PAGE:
nostrebor

  • Not enough wit to effectively use this space...
  • Wiki Contributor
  • Trade Count: (+6)
  • Full Member
  • ***
  • Offline Offline
  • Posts: 1442
  • Last login:October 04, 2013, 02:02:41 pm
  • SHOCKING!!
Re: Building a woodshop....recommended tools
« Reply #89 on: December 14, 2005, 04:44:46 pm »
Nostrebor

I wouldn't recommend a complete neanderthal shop to anyone, those chisels are too dangerous :) Seriously though, I think there should be a happy median, a combination of handtools and power tools. I couldn't even imagine trying to rip a board with a handsaw, but dovetails should be done by hand (they really are not hard to do) Scrapers are a wonderful replacement to sandpaper and give an aewsome finish to the wood. They are not really that hard to use or maintain and you don't have to worry about all the dust.

It is kind of funny about always wanting bigger tools. I have a 15" planer and there are a few times I wished it was a 20", especially with the 17" wide planks of white oak I have.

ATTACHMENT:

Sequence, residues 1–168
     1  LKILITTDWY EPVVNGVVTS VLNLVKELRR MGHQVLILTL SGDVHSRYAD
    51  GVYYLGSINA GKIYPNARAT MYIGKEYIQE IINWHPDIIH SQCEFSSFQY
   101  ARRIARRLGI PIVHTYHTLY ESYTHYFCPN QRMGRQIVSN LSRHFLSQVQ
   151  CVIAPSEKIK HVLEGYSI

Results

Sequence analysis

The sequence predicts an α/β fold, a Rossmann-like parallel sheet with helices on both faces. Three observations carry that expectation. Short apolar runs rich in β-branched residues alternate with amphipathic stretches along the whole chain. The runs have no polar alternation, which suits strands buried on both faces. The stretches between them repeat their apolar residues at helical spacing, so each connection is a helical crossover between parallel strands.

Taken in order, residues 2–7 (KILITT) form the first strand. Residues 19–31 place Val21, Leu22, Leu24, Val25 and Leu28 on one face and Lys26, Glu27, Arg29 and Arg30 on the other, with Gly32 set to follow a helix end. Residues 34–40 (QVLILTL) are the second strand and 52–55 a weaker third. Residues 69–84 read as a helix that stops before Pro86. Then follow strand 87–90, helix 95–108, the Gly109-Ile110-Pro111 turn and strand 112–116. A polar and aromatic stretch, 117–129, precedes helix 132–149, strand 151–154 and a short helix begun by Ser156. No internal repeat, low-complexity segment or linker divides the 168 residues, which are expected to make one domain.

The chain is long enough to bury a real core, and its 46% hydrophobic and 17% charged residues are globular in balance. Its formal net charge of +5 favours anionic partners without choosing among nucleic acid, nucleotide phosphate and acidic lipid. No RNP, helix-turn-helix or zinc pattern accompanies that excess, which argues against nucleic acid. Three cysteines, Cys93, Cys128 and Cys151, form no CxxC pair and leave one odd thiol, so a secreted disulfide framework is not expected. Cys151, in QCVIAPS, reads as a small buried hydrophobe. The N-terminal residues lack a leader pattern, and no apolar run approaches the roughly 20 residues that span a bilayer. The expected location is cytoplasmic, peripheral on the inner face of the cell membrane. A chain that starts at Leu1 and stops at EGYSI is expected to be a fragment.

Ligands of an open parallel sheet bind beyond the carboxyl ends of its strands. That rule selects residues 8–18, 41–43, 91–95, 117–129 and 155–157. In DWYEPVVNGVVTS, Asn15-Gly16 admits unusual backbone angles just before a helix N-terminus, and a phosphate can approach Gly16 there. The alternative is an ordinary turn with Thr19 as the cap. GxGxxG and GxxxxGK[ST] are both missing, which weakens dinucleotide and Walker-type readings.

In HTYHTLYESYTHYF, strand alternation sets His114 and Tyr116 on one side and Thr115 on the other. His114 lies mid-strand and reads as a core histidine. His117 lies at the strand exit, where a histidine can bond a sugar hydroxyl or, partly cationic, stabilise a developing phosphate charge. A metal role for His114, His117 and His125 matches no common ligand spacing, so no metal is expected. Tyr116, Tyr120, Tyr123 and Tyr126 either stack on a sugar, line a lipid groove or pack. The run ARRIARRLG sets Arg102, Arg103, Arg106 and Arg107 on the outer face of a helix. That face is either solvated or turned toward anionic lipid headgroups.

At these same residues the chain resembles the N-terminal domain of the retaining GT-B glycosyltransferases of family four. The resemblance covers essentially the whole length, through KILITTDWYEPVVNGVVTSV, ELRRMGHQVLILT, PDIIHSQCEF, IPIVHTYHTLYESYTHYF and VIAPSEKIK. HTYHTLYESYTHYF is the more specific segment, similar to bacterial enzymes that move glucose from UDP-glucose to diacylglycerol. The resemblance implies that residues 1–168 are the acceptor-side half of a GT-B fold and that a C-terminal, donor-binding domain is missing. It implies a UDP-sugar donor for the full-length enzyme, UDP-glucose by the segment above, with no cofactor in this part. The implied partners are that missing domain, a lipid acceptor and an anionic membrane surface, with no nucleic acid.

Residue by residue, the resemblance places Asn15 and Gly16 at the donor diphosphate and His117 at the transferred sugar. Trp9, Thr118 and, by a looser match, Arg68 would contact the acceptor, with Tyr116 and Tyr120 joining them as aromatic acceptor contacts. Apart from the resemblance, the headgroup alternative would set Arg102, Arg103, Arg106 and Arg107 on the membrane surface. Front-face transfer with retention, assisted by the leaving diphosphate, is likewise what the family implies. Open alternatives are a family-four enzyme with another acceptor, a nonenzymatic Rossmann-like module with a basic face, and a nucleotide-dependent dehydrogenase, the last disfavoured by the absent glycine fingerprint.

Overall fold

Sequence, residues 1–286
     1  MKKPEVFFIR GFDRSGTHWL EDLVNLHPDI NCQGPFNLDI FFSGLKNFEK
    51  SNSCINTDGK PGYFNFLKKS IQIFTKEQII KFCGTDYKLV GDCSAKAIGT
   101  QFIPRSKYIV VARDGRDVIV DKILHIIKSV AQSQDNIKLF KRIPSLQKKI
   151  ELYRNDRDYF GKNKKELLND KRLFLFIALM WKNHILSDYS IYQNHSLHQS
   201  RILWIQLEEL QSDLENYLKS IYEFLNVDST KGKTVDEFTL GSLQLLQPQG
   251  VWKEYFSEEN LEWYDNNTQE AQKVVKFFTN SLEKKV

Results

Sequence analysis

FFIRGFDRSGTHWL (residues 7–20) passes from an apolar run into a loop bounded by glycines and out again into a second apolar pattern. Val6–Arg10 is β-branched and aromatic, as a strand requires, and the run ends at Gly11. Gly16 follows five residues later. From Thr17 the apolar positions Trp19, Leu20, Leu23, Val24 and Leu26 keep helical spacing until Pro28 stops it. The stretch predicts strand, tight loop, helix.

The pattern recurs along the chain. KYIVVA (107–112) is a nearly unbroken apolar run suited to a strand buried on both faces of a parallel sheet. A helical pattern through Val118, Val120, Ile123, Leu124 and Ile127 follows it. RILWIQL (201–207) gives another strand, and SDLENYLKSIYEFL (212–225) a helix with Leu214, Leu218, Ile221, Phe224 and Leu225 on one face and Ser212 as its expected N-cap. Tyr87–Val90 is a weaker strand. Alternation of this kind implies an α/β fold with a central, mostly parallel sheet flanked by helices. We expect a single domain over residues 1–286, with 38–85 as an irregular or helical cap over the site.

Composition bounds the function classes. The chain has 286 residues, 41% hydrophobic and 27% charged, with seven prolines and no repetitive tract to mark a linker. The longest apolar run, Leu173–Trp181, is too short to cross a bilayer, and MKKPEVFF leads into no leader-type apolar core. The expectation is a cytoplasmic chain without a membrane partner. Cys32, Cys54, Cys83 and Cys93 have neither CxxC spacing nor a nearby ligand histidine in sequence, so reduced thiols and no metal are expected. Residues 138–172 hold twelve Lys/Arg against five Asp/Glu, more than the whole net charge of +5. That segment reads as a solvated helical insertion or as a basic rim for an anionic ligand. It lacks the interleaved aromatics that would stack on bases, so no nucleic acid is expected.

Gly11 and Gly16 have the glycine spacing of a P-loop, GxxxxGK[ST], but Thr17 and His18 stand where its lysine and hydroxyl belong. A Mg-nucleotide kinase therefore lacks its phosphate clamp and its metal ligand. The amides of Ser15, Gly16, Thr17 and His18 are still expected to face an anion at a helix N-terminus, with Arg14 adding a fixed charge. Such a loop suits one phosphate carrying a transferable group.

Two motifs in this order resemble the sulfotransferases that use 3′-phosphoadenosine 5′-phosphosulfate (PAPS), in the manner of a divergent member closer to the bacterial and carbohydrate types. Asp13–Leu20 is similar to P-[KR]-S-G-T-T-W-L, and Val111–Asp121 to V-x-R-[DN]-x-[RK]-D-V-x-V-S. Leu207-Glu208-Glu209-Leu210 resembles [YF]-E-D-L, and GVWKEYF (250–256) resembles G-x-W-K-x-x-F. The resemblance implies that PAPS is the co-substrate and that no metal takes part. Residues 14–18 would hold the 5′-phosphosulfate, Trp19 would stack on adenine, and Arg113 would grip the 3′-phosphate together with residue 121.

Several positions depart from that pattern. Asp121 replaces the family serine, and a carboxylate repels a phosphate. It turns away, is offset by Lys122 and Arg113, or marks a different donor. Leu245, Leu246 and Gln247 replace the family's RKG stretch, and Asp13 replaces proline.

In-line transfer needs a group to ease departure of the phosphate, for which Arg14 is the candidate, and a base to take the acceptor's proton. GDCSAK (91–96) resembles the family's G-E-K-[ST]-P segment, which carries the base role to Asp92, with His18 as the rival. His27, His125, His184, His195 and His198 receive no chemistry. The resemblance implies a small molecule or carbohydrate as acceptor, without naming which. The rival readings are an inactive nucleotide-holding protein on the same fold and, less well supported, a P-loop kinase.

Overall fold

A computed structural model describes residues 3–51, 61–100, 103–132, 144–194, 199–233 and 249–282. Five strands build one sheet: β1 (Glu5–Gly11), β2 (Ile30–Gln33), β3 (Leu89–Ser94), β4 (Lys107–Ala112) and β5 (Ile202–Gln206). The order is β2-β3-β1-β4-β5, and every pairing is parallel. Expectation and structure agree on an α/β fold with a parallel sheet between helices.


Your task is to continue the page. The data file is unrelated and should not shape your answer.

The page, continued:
I just don't have time to go neander, but I do get a big kick out of the projects that show up on sawmillcreek in the neanderthal forum. Some of those guys are just ate up!

I use a nice mix of handtools and power tools, with a strong preference to power ;). As you mentioned, my new favorite is scrapers. If you have allergies, you will love these for avoiding sanding dust. Plus, if they are sharpened right, the ribbons of wood are thin enough to read through :)

What I really need for my shop is better dust collection. MDF has exacerbated the issue to the point that I have stopped using it for anything until I get moved into a new place, and have DC plumbing in operation. My absolute favorite is routering the stuff >:(